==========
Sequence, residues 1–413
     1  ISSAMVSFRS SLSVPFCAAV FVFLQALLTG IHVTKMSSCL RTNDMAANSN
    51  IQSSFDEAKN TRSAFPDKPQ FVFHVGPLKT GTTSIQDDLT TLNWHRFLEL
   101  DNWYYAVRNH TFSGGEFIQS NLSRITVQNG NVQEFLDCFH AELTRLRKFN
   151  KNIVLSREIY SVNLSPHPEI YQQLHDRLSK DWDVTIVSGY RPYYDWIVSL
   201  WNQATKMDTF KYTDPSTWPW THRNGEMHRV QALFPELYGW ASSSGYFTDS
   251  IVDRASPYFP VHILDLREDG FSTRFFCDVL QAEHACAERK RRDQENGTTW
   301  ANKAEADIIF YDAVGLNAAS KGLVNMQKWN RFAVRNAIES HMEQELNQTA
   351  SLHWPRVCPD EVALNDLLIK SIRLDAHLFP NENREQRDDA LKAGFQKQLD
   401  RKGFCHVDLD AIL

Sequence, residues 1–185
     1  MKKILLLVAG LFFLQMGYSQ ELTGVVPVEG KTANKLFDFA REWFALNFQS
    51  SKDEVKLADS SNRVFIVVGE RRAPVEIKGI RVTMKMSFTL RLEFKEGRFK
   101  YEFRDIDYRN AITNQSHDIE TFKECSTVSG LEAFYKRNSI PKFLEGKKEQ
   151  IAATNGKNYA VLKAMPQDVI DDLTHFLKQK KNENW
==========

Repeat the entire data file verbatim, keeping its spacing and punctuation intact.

Sequence, residues 1–413
     1  ISSAMVSFRS SLSVPFCAAV FVFLQALLTG IHVTKMSSCL RTNDMAANSN
    51  IQSSFDEAKN TRSAFPDKPQ FVFHVGPLKT GTTSIQDDLT TLNWHRFLEL
   101  DNWYYAVRNH TFSGGEFIQS NLSRITVQNG NVQEFLDCFH AELTRLRKFN
   151  KNIVLSREIY SVNLSPHPEI YQQLHDRLSK DWDVTIVSGY RPYYDWIVSL
   201  WNQATKMDTF KYTDPSTWPW THRNGEMHRV QALFPELYGW ASSSGYFTDS
   251  IVDRASPYFP VHILDLREDG FSTRFFCDVL QAEHACAERK RRDQENGTTW
   301  ANKAEADIIF YDAVGLNAAS KGLVNMQKWN RFAVRNAIES HMEQELNQTA
   351  SLHWPRVCPD EVALNDLLIK SIRLDAHLFP NENREQRDDA LKAGFQKQLD
   401  RKGFCHVDLD AIL

Sequence, residues 1–185
     1  MKKILLLVAG LFFLQMGYSQ ELTGVVPVEG KTANKLFDFA REWFALNFQS
    51  SKDEVKLADS SNRVFIVVGE RRAPVEIKGI RVTMKMSFTL RLEFKEGRFK
   101  YEFRDIDYRN AITNQSHDIE TFKECSTVSG LEAFYKRNSI PKFLEGKKEQ
   151  IAATNGKNYA VLKAMPQDVI DDLTHFLKQK KNENW